If you are logging in on open, non-secure networks try to use HTTPS:// instead of HTTP://. The S stands for “secure” meaning that the data is encrypted for additional protection. The information is scrambled as it is sent so that no one in between can transcribe it. Most websites are automatically switching to HTTPS:// for greater protection but if not you should enter it in yourself. Avoid logging into your bank account, work email or any other sensitive accounts while on the road.
2. Be aware of your surroundings when withdrawing money from ATMs or entering pin numbers at gas stations and such.
Make sure there is no one observing. Simple precaution that is often overlooked. Most places we travel to require common sense … that’s really it.
3. Withdraw money at legitimate bank ATMs only.
A recent play by identity thieves is to install card readers in an ATM allowing them access to your card number and PIN. To be fair this happened to me at the gas station down the street from my house. Truthfully, this scam is about as preventable as food poisoning because it could happen anywhere anytime but, just like with food, you can reduce your chances by seeking out more reputable establishments.
4. Be wary of calls where you are asked for your personal information over the phone from anyone … even if they claim to know you.
How many of those fake IRS calls have we all received? Exactly. If someone calls from your hotel, car rental company, bank, credit card company etc politely hang up and return the call on the verified number you have for the business. A recently popular scam is for identity thieves to note the hotel you are staying in and call your phone as the front desk who needs personal information that wasn’t filled out at check-in. Smart little buggers. Be smarter.
5. Cell phones are as vulnerable as computers.
Make sure that yours is password encoded when you travel. Remove all apps that might facilitate a security breach like bank accounts, social media etc. You can reinstall those when you get home. Log out of any other apps that you want to keep. Be wary of suspicious texts and emails. My phone has roughly 3,000 photos of my dog, sunsets and underwater footage from dives so really only David Attenborough or Ricky Gervais should ever steal my phone. Everyone else would be bored to tears.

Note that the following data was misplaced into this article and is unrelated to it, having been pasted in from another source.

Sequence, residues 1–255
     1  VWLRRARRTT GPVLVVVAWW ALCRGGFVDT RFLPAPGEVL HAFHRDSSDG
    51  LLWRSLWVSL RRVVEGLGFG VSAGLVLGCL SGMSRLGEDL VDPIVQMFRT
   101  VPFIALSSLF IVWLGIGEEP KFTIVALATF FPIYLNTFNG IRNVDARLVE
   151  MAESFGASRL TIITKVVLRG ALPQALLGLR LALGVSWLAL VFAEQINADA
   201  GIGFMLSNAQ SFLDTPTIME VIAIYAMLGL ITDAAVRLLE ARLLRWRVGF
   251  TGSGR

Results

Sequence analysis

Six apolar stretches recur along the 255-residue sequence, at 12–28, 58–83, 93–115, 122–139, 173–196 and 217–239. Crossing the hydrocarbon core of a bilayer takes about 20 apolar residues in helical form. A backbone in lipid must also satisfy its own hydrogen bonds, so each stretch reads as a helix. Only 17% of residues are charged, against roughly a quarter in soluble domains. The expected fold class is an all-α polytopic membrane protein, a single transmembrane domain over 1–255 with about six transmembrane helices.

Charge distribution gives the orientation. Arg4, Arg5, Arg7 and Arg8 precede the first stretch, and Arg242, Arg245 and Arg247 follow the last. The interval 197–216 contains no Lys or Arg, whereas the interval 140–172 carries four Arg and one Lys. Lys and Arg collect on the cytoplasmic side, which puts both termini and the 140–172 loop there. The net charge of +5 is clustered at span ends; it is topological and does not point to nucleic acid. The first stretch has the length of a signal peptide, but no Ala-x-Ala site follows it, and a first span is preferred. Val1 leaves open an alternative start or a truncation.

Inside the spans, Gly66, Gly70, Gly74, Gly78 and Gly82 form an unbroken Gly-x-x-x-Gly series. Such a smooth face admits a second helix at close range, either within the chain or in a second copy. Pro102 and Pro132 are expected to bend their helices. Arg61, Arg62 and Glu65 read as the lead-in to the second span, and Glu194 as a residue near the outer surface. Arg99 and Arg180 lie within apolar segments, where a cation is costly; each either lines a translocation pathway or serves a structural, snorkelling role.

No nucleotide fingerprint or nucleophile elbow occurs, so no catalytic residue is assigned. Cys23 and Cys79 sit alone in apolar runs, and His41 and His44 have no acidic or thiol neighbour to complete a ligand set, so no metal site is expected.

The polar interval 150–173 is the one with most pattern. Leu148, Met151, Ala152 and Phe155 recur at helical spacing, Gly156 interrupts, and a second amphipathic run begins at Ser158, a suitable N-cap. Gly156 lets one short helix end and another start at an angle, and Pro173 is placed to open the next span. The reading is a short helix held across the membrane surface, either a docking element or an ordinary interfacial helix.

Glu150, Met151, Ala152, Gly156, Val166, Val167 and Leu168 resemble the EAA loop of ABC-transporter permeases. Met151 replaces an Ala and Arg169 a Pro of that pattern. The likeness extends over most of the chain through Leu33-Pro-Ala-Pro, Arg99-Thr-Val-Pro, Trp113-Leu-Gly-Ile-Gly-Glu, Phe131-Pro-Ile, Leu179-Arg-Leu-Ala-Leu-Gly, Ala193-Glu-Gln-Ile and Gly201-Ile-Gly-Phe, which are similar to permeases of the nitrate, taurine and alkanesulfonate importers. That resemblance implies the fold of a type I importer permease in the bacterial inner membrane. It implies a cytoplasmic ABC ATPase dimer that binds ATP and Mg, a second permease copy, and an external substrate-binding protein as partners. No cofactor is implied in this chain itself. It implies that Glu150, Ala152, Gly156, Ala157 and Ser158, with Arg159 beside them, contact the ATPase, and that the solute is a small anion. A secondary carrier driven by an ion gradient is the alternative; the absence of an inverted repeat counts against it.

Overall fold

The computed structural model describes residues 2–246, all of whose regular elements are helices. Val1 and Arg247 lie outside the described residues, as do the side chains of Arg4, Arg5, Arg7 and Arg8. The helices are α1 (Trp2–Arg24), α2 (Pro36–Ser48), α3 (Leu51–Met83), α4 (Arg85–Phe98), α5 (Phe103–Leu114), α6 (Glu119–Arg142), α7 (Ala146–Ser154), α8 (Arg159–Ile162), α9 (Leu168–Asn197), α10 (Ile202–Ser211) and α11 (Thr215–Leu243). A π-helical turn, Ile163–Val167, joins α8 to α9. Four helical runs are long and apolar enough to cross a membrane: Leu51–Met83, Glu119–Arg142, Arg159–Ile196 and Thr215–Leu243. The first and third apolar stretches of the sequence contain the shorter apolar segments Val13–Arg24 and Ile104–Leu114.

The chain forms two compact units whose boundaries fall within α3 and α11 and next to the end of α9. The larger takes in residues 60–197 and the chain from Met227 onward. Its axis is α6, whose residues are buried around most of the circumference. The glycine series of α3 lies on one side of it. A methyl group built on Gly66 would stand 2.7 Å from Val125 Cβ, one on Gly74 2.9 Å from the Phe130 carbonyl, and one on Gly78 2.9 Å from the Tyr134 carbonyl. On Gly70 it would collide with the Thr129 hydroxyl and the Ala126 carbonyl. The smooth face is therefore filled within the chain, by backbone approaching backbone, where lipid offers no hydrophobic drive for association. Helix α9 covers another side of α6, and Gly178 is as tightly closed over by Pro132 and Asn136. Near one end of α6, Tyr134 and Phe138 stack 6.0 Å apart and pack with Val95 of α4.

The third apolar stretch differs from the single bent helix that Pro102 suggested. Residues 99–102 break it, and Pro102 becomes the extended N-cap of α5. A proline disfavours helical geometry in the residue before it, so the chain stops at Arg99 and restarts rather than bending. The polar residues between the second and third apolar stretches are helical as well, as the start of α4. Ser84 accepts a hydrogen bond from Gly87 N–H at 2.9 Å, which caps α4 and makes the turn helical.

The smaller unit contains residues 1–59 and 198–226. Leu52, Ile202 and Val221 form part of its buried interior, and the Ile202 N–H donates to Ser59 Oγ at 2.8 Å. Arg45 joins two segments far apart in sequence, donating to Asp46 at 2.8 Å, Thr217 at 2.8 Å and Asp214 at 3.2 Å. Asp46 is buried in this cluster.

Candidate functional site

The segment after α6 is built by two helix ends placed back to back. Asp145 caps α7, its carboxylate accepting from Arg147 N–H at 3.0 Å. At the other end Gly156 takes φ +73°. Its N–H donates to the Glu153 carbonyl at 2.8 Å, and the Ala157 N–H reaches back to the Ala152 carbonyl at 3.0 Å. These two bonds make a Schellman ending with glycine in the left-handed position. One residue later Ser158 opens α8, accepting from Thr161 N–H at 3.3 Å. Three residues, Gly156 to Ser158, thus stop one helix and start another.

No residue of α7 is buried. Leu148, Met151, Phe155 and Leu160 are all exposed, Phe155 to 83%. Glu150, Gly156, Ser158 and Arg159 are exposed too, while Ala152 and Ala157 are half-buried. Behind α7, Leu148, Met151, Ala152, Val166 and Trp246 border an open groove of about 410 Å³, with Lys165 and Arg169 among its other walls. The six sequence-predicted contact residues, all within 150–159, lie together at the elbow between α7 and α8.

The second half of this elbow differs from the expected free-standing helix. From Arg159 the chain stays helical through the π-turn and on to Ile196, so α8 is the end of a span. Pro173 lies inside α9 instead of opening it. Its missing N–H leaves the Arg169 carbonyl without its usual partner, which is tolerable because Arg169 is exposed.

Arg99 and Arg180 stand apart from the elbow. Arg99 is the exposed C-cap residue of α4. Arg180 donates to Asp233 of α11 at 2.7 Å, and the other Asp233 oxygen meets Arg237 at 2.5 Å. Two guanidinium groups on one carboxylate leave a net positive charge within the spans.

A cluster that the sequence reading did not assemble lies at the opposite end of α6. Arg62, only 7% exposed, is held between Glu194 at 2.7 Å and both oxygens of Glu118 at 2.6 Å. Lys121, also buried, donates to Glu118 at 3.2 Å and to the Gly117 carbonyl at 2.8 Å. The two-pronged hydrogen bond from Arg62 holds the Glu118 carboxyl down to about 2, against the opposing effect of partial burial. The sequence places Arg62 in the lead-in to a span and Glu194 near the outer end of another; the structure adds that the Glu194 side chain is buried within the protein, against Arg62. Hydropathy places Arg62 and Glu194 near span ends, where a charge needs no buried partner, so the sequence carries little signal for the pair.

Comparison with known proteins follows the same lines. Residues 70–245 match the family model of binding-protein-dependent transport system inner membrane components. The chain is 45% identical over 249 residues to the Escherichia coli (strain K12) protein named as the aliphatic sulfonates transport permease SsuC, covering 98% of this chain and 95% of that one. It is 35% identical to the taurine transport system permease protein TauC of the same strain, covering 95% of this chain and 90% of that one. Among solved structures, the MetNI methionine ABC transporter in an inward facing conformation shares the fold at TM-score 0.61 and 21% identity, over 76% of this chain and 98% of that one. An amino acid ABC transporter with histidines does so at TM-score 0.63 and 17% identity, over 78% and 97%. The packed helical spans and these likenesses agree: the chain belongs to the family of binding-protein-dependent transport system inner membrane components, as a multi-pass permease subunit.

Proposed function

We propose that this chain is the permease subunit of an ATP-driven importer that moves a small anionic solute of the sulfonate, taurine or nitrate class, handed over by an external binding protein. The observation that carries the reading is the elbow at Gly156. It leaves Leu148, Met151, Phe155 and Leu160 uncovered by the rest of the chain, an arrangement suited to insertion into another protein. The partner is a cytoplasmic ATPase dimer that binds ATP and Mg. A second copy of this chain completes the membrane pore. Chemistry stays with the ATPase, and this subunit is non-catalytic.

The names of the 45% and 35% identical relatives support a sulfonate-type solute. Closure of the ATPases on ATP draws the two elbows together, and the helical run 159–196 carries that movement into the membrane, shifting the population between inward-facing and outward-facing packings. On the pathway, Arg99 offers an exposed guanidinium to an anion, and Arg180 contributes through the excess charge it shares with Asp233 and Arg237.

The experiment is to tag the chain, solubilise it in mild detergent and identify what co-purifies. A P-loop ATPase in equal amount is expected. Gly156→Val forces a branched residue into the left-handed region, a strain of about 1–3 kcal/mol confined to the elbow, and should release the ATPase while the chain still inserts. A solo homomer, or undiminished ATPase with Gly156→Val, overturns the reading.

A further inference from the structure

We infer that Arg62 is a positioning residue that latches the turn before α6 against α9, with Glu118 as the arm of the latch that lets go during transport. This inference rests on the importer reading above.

6. Use your better judgment.
If a situation feels strange, trust your gut and get out of there. Theft scams are endless and I could write a novel on them. The one that just recently happen to a friend is the coin drop scam. Someone “drops” coins at your feet while you sit on a train or in any busy location. They motion for you to help them gather the coins. As you are distracted, another individual helps themselves to any unattended belonging. Places of high traffic and rushing bodies are goldmines for thieves. I watched a train boarding platform in Poland as children were used by thieves and sent into the crown of passengers running to board the train. The children would gently glide through the crowd picking off any wallets sticking out of back pockets as their owners ran to jump on board. Be vigilant!
7. Men don’t put your wallet in your back pockets unless you want to make a pickpocket’s job that much easier.
Ladies, don’t set your phone or purse down on the table … keep it in your lap instead.
AFTER THE TRIP:
1. Check credit card statements after your trip for any odd charges.
2. Change your passwords regularly and do not use the same password for everything.
I learned this lesson the hard way. My Facebook account was linked to my bank and all the passwords were the same. When my facebook was hacked, I had to freeze all my accounts. Learn from my mistake and make sure you diversify those passwords and change them up every six months or so.
Safe travels and have fun!
Image: Matthew Henry